GOOD's Slow Issue

GOOD Magazine - The Slow Issue

Q&A with Aubrey de Grey.

GOOD discusses building things that last with Saul Griffith. He's spoken at TED a few times; short and long.

Architecture that forces you to be more active. This is something that I think about fairly often. Our society is so ridiculously good at removing all physical activity from our daily lives; we don't have to scrub our clothes, climbing stairs is done by escalators and elevators, our walk or bike to work is easily done by train and car, etcetera. It's so hard to find physical activity that we design special buildings where we go to run in place and lift heavy objects for no real purpose. It's kind of hilarious and sad at the same time.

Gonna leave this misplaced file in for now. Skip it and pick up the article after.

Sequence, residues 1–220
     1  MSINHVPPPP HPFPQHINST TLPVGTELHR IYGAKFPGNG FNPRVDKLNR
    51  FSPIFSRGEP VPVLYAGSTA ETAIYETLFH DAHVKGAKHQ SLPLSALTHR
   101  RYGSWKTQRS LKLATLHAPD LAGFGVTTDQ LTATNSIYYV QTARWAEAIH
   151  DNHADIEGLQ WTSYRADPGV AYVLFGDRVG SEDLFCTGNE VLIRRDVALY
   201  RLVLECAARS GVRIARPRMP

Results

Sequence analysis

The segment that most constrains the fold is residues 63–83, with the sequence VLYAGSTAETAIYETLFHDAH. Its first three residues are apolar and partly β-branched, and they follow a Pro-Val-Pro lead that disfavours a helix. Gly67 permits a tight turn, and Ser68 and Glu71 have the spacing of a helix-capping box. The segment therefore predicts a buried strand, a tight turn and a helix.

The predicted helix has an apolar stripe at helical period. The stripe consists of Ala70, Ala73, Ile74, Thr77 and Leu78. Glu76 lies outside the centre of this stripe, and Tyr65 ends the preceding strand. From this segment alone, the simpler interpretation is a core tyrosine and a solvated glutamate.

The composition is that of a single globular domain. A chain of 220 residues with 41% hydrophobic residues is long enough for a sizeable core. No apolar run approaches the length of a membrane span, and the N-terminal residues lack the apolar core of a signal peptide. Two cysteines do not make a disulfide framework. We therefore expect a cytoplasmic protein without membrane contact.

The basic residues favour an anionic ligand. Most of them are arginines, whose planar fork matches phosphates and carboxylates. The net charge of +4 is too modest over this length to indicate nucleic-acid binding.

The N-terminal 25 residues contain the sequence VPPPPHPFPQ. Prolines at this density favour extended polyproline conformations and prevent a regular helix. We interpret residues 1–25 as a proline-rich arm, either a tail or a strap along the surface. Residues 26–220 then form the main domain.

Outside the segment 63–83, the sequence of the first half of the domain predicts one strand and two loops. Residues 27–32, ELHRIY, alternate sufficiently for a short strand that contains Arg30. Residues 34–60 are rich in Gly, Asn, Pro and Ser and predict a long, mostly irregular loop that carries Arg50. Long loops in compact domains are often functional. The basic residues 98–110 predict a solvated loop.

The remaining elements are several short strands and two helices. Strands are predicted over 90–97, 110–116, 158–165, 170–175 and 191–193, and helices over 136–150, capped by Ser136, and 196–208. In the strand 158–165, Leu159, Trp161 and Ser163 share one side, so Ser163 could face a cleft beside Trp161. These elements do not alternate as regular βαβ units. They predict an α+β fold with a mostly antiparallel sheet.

Interesting take on investing locally from GOOD. They promote investing locally in socially responsible businesses and being involved with local agriculture which according to them generally comes with a steadier 4-5% interest rate. Hm. Study after study has shown locavorism (eating locally) to be worse off for the environment. Not that I'm entirely against it, just that I think people go a bit too far in requiring all their food be sourced locally. The reality is that our food delivery system is just incredibly efficient and the energy involved in transporting food makes up a really small percentage of the total energy needed to create that food. I do support investing in a socially responsible way, but that's a tricky one. It could probably be reasonably argued that the higher interest rate that most people expect (7-9% as opposed to 4-5%) is just a negative externality being shoved off on someone/thing else that you are then capturing. So really isn't the solution to change laws regarding negative externalities? Basically you're getting left in the dust by those that are willing to play the grey area. And of course it's not that simple, but usually doing the right thing pays off. Who gets the benefits is the question and my argument is that it should go to those doing the right thing.